February 22, 2012 08:53 AM
Legal Issues Confront Strip Club Near Nuns
Lawsuit alleges aide to Stone Park mayor tried to shake down strip club developer; Melrose Park eyes court challenge to halt opening of club next to convent.
By Robert Herguth/BGA and Dane Placko/FOX Chicago
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There were two explosive developments Tuesday night in a story FOX Chicago News brought you first, about a strip club going up next to a convent in the western suburbs.
One involves a neighboring town gearing up for a legal fight to stop the club from opening, and the other story contains exclusive details about an alleged shakedown attempt.
Stone Park’s mayor has said all along he doesn't want the club in his town.
But in a lawsuit, the club's owner says a friend of the mayor's tried to shake him down for hundreds of thousands of dollars and part-ownership in the club, in exchange for a green light from the mayor.
Stone Park Mayor Ben Mazzulla wasn't happy when FOX Chicago showed up at a recent village board meeting.
"Don't bring that up, Dane," the Stone Park mayor said. "Don't make me dislike you."
There are allegations of a shakedown made in a lawsuit filed by the owner a brand new multi-million dollar strip club, scheduled to open in Stone Park this spring.
When asked if he knew about the allegations the owner made in the lawsuit, Mazzulla said he knew about the "ignorant comments" the owner made.
Two weeks ago, FOX Chicago and the Better Government Association broke the story of how the strip club is being built right next door to a convent, which has made for some very unhappy nuns.
"As Catholic religious we take vows," Sister Marissonia Daltoe said, "and we have something like this totally opposite going on."
As part of that story, Mayor Mazzulla said village leaders tried to stop the club, but relented in the face of a costly lawsuit they were likely to lose.
"It would have cost the village over a half million in tax dollars," Mazzulla said.
The mayor may have been holding his nose, and tried to stay out of the issue, but the lawsuit alleges a friend of the mayor's was holding out his hand.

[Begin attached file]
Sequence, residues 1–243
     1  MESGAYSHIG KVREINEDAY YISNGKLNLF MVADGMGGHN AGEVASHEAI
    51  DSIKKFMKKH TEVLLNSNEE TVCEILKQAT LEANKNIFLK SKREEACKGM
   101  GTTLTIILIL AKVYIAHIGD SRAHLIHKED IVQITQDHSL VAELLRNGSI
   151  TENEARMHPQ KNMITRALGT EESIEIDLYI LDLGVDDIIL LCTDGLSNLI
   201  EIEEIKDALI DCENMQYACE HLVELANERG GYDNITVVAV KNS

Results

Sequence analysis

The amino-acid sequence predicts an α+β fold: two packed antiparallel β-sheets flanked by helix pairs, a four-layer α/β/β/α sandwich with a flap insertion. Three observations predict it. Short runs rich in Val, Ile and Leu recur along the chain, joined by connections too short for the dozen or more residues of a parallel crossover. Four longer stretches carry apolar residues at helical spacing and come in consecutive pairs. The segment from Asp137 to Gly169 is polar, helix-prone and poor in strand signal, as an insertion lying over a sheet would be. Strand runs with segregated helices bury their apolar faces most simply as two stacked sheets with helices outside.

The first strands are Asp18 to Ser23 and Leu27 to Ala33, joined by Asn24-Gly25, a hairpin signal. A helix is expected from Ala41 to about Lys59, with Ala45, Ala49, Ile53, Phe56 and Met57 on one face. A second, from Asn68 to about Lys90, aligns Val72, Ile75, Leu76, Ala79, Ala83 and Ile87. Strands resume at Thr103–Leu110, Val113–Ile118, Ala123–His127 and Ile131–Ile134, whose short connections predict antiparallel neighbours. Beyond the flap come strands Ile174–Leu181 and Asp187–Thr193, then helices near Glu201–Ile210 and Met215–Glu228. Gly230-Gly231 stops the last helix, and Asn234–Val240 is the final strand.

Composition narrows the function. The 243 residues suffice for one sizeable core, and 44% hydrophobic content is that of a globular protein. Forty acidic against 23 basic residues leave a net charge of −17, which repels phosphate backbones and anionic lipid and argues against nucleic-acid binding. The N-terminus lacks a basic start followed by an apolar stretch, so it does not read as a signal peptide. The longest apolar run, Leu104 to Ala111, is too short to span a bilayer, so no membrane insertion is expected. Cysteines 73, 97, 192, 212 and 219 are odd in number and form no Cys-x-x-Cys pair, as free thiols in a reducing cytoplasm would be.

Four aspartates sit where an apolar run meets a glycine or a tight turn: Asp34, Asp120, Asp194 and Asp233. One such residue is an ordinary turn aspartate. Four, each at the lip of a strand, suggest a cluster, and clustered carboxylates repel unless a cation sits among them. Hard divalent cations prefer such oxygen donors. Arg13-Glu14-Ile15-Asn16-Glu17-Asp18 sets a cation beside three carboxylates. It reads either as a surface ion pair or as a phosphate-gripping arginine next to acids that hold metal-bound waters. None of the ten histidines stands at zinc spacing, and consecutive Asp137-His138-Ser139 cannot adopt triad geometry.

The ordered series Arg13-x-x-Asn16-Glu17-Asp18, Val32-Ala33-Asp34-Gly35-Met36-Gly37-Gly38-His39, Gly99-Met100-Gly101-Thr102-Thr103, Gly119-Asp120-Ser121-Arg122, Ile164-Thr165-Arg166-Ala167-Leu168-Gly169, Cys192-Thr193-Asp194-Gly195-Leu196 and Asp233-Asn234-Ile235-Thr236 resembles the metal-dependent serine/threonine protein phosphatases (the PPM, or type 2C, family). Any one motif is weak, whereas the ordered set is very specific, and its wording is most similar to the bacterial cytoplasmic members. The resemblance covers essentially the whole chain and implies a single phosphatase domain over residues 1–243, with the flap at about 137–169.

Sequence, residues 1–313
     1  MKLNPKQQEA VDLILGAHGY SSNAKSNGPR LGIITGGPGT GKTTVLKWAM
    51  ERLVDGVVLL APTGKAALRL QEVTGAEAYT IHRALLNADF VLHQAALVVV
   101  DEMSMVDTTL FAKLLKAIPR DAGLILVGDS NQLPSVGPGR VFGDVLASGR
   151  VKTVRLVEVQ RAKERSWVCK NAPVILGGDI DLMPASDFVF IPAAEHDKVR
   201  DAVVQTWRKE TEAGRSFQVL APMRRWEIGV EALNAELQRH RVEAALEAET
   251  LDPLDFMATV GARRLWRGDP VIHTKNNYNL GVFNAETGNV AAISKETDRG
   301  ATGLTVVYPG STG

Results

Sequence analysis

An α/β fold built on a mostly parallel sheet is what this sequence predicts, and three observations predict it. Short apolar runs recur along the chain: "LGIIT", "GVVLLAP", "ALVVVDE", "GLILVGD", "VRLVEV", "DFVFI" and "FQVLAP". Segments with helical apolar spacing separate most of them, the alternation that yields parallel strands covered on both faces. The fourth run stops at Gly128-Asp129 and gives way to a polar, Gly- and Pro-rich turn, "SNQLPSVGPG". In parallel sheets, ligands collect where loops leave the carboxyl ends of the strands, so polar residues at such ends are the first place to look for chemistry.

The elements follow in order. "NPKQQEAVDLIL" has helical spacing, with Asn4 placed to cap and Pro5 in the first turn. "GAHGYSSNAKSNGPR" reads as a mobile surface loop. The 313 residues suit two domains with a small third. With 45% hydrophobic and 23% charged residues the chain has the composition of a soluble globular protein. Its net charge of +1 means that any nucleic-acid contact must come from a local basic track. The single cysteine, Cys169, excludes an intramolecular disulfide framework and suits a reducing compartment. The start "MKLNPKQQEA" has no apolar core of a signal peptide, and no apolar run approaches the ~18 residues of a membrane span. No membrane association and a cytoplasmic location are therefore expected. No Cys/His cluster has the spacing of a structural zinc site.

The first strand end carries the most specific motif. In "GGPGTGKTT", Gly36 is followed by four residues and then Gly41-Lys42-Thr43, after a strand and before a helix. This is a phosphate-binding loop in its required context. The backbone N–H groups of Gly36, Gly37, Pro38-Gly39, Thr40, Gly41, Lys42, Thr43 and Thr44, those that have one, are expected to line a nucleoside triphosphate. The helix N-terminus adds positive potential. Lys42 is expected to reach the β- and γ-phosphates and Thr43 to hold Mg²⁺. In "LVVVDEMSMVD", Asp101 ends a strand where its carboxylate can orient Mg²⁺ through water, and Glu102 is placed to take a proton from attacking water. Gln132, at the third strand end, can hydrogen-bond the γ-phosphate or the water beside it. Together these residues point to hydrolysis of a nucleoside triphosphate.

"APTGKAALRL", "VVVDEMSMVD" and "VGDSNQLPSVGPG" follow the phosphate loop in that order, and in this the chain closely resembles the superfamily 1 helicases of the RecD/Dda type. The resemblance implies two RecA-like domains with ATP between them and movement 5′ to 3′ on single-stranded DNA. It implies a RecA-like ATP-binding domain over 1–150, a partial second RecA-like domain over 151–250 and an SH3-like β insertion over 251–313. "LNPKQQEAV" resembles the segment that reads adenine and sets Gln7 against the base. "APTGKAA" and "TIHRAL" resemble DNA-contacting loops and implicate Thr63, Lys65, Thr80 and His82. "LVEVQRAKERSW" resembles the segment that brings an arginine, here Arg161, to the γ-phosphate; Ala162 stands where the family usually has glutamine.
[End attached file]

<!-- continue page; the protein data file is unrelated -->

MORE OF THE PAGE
It describes a series of 2009 meetings between club developer and owner Bob Itzkow, and a man named Kevin Shirazi.
According to the lawsuit, Shirazi flashed an ID badge that said he was an administrative aide to the mayor.
The lawsuit alleges Shirazi told Itzkow everything could be "taken care of," if Itzkow gave him cash and 30 percent of the strip club business.
Itzkow’s lawsuit alleges that somebody on the mayor’s behalf tried to shake him down for $200,000, and part of the business in order for the strip club to get a license.
"That's preposterous," Mazzulla said. "That's why he is who he is, and we don't deal with him. I don't respond to terrible questions like that."
The mayor said he is good friends with Shirazi, who owns lots of property in Stone Park and works as a code enforcement officer for the village.
Shirazi confirmed he met with Itzkow, but said it was the club developer who offered him a piece of the business to hide his involvement.
"I decided not to," Shirazi said. "That's the end of the story. The rest of the allegation is not true at all."
Shirazi said he absolutely did not try to make a deal with Itzkow.
"How could I shake him down?" Shirazi asked. "Who am I to shake him down?"
The lawsuit says Itzkow refused to play ball. That suit was later settled, allowing Itzkow to open the club. That settlement prohibits Itzkow from commenting on the allegations.
"I don't think we could have filed the lawsuit and said things we didn't feel could be said under oath," Itzkow said. "So whatever's in the public record is in the public record."
Remember, the strip club is in Stone Park. But the convent is in neighboring Melrose Park.
FOX Chicago learned Tuesday night that Melrose Park is gearing up for a potential lawsuit to stop Get It from opening.
A spokesman for Melrose Park Mayor Ron Serpico said they are trying to figure out if the convent can be considered a school, because future nuns take classes on that site.
If it qualifies as a school, that could violate a state law that bans strip clubs within a thousand feet.
Melrose Park attorneys are researching any loophole in the law that could prevent the club from opening this spring.
"If they can find a loop hole, I’d be amazed," Itzkow said in response to the possible Melrose Park lawsuit. "Do you think I’d spend all that money and not do the research?"
This article was written and reported by Robert Herguth, the BGA’s editor of investigations, and Dane Placko of FOX Chicago News. To contact Herguth, call (312) 821-9030 or email firstname.lastname@example.org.